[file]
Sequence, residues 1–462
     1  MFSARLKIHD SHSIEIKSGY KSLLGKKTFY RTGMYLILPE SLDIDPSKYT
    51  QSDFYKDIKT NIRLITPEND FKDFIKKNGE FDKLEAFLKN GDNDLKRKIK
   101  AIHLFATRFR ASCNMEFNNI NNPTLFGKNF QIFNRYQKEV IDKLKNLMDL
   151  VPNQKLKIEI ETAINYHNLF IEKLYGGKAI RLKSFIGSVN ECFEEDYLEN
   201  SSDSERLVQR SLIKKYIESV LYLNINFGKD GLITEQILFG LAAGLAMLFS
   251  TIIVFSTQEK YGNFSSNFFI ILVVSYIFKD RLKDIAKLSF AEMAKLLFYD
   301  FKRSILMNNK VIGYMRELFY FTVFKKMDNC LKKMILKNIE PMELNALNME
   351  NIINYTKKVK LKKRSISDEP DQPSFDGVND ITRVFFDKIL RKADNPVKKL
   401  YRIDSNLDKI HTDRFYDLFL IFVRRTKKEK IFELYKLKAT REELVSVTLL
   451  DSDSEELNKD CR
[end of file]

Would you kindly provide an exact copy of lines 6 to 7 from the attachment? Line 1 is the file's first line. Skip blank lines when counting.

   201  SSDSERLVQR SLIKKYIESV LYLNINFGKD GLITEQILFG LAAGLAMLFS
   251  TIIVFSTQEK YGNFSSNFFI ILVVSYIFKD RLKDIAKLSF AEMAKLLFYD